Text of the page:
Hospital discharge lounges are not the most cheerful of places, they are filled with people who would really rather be somewhere else. You can put up nice prints on the wall, scatter magazines on tables and be careful to bring cups of tea exactly as the person likes it, but several hours in a hospital discharge lounge is never going to be a day out. You are left waiting for medication, waiting for patient transport, waiting for life to resume normal service. For some that isn’t going to happen as not everyone who is discharged from hospital is well. The healthiest patients will probably leave hospital without ever seeing the inside of a discharge lounge, only the elderly, the vulnerable and the lonely tend to end up there. They have been patched up, made just well enough to cope outside a hospital ward for a while and now they are being sent away, wearing imaginary ruby slippers, on the grounds that there is no place like home.
Amy would have suited Ruby slippers, sparkling ones with kitten heels. She was in her mid seventies, perhaps older, tall and thin as a dry twig, with bulging varicose veins and mottled skin but that didn’t prevent the girlish elegance that she had graced in her youth from showing through. Her hair was pure white, nicely bobbed at chin height, and her eyes lit up her face, intense and sparkling. She wore only a thin girlish nightgown that suited her very well, lace edged with tiny flowers. She had tremendous interest in everything around her- especially the people. She had once been beautiful- she still was in a different way- and she had not lost the ease that beauty often brings with it. People noticed her.- they always had. Weakness and worry were a nuisance but people were also kind. A fall- so silly- had left her with an injured arm but the kind nurse kept coming to position it properly in the sling (each time she walked away Amy absent-mindedly took her arm straight out again and laid it carefully on her knee) or return her to her chair if she floated away to have a wander. Perhaps she was looking for the stages and catwalks that her beauty had led her onto in her youth. Not that she was confused. She had found her keys, told them that she wanted to try a night at home to see how she got on and they had given her the phone number of a care home who could fit her in if she found that she couldn’t cope. It would be all right. Things usually were. For now she had found someone to talk to.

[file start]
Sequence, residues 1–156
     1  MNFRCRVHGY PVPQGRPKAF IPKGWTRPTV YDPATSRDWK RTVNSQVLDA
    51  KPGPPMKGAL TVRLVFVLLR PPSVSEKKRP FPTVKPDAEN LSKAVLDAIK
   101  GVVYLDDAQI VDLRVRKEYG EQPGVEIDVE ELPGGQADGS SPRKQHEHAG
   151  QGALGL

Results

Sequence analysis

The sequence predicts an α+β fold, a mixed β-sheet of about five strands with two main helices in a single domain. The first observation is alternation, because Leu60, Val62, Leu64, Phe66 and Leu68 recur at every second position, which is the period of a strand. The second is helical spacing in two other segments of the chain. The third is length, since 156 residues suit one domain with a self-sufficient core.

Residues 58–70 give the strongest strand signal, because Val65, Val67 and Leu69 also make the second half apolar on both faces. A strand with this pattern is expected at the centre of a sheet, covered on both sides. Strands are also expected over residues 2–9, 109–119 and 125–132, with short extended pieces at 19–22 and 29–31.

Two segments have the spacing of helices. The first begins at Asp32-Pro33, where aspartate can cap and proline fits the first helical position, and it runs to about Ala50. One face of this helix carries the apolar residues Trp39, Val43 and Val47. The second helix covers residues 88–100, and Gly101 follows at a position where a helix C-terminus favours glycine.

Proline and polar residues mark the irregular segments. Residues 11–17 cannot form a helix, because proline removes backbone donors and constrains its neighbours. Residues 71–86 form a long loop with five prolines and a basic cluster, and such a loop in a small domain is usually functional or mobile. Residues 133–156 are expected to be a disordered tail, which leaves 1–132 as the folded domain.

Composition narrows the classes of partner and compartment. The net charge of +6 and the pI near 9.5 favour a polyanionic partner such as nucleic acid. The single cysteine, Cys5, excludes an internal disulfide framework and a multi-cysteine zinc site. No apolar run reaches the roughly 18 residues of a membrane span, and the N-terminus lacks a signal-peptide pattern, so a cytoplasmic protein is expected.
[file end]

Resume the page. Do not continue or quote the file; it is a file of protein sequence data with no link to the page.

“You see there is good in everything. If I hadn’t been in here I would never have met you.”
Amy’s new companion was older than her, ninety two in fact. His name was Joseph and he was a self proclaimed ladies man in the best sense. A gentleman. Short and stocky with a kind, thoughtful, intelligent face. A former translator who spoke six languages. He was one of the many Polish men who came over to Britain to play their part in world war two. He had met Winston Churchill, and the camp commandant of Auschwitz back then, and Margaret Thatcher later. He had liked Churchill very much because he made you feel like a king when he talked to you, and when he had time alone with the commandant and he was asked “what will you do to me” he gave the one answer that the commandant didn’t expect. “Nothing.” He had seen war and wanted no more of its brutality. He didn’t tell Amy any of this of course- gentlemen don’t talk about themselves that much- but we had met before during his weeks up on the ward. She liked him and turned herself towards him, making eye contact, content to be listened to. If only the years could have fallen away it might have been the beginning of a love story.
Amy finally left with a shy smile and a gentle wave. A thin, pale blue hospital bedspread was wrapped around her and flung over her shoulder where a cashmere shawl might once have been as she made her way out into a first blast of cool air. I watched her leave thinking quietly that people don’t really change, they just become more themselves.